Space related News for UPSC and other Exams

Know all about satellites, space missions, planets and elements

Space Missions


  • In its second development flight on Friday (February 10) morning, the Small Satellite Launch Vehicle (SSLV-D2) was launched successfully from the first launch pad at the Satish Dhawan Space Centre SHAR, Sriharikota, Andhra Pradesh.
  • It will place the Indian Space Research Organisation (ISRO) earth observation satellite EOS-07 and two co-passenger satellites — Janus-1 and AzaadiSat2 — developed by start-ups, in a 450-km circular orbit around the Earth.
  • The new vehicle was developed to capture the emerging small and micro satellite commercial market, with launches offered on demand.
  • A new vehicle is declared operational by the space agency after it completes two successful development flights. The last vehicle to be declared operational was the GSLV Mk III, now called LVM 3, when it carried Chandrayaan-2 in 2019.
  • Janus - 1 : It is a technology demonstrator satellite built by US-based Antaris and its Indian partners XDLinks and Ananth Technologies. It is a six-unit cube satellite with five payloads on board — two from Singapore, and one each from Kenya, Australia, and Indonesia.
  • AzaadiSAT2 : It is a Cubesat weighing around 8 kg and carries 75 different payloads. Girl students from rural regions across the country were provided guidance to build these payloads. The payloads are integrated by the student team of “Space Kidz India”.
  • EOS– 07 : EOS-07 is a 156.3 kg satellite designed and developed by ISRO. Its mission objective is to design and develop payload instruments compatible with microsatellite buses and new technologies for future operational satellites.


  • NISAR will be the first radar of its kind in space to systematically map Earth, using two different radar frequencies (L-band and S-band) to measure changes in our planet's surface less than a centimeter across.
  • NISAR has been built by space agencies of the US and India under a partnership agreement signed in 2014. It is expected to be launched in January 2024 from Satish Dhawan Space Centre into a near-polar orbit.
  • By using SAR, NISAR will produce high-resolution images. SAR is capable of penetrating clouds and can collect data day and night regardless of the weather conditions.
  • NISAR will map the entire globe in 12 days.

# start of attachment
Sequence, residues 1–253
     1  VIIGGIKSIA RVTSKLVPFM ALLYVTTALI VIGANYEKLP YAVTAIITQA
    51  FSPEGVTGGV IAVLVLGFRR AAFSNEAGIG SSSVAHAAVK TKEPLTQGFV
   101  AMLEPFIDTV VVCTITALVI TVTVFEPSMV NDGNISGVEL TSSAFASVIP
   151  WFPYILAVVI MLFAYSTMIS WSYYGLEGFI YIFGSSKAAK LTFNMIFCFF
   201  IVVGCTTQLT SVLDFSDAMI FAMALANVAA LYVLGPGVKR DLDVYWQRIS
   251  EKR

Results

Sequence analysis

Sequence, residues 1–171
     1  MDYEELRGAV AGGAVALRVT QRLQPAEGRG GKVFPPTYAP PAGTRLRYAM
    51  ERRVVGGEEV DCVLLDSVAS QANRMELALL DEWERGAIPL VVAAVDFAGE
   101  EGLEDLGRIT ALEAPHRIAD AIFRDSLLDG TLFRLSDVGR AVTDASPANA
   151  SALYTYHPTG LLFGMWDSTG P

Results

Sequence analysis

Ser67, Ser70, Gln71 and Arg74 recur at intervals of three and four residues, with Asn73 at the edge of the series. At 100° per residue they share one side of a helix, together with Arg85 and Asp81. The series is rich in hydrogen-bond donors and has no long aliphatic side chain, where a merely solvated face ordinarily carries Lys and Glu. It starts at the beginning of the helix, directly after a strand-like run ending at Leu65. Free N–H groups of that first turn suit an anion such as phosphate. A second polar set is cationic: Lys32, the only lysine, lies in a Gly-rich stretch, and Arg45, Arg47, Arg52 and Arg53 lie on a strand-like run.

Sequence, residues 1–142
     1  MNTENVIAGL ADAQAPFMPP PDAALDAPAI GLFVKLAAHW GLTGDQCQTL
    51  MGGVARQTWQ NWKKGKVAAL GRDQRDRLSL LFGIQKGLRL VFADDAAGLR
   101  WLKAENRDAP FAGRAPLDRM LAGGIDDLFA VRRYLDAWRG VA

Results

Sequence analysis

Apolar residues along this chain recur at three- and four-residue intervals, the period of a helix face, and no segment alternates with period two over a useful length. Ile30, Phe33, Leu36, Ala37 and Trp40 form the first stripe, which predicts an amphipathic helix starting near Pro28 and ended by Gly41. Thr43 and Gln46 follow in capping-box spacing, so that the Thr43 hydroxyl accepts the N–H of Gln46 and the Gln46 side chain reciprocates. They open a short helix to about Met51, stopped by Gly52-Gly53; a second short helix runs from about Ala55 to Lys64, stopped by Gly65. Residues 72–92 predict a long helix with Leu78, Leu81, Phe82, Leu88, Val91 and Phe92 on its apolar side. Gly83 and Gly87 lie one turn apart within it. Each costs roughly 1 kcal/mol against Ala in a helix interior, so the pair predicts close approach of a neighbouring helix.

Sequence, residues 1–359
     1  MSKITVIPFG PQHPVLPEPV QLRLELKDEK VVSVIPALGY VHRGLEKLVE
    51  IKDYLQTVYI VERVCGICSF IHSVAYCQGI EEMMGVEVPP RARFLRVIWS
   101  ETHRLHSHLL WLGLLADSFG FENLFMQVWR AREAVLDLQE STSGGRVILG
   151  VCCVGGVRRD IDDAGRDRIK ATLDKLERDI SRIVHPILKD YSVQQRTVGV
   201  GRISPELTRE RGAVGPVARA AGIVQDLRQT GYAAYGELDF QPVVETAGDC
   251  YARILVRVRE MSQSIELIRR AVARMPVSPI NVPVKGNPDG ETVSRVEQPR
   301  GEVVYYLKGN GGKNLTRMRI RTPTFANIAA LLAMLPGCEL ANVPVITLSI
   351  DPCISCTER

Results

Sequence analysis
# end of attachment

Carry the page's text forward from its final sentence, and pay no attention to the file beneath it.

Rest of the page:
• Operational Time : 3 years.
  • Contributions from NASA : L-Band Radar, GPS, High Capacity Solid-State Recorder and Payload Data Sub-system.
  • Contributions from ISRO : S-Band Radar, GSLV Launch System and Spacecraft.

NISAR (Benefits)

  • Earth Science: NISAR will provide a wealth of data and information about the Earth's surface changes, natural hazards, and ecosystem disturbances, helping to advance our understanding of Earth system processes and climate change.
  • Disaster Management: The mission will provide critical information to help manage natural disasters such as earthquakes, tsunamis, and volcanic eruptions, enabling faster response times and better risk assessments.
  • Agriculture: NISAR data will be used to improve agriculture management and food security by providing information about crop growth, soil moisture, and land-use changes.
  • Infrastructure Monitoring: The mission will provide data for infrastructure monitoring and management, such as monitoring of oil spills, urbanization, and deforestation.
  • Climate Change: NISAR will help to monitor and understand the impacts of climate change on the Earth's land surface, including melting glaciers, sea-level rise, and changes in carbon storage.

Space Related News


  • The small distant world called Quaoar, named after a god of creation in Native American mythology, is producing some surprises for astronomers as it orbits beyond Pluto in the frigid outer reaches of our solar system.
  • Researchers (ESA’s Chepos Telescope) said on Wednesday they have detected a ring encircling Quaoar akin to the one around the planet Saturn. But the one around Quaoar defies the current understanding of where such rings can form - located much further away from it than current scientific understanding would allow.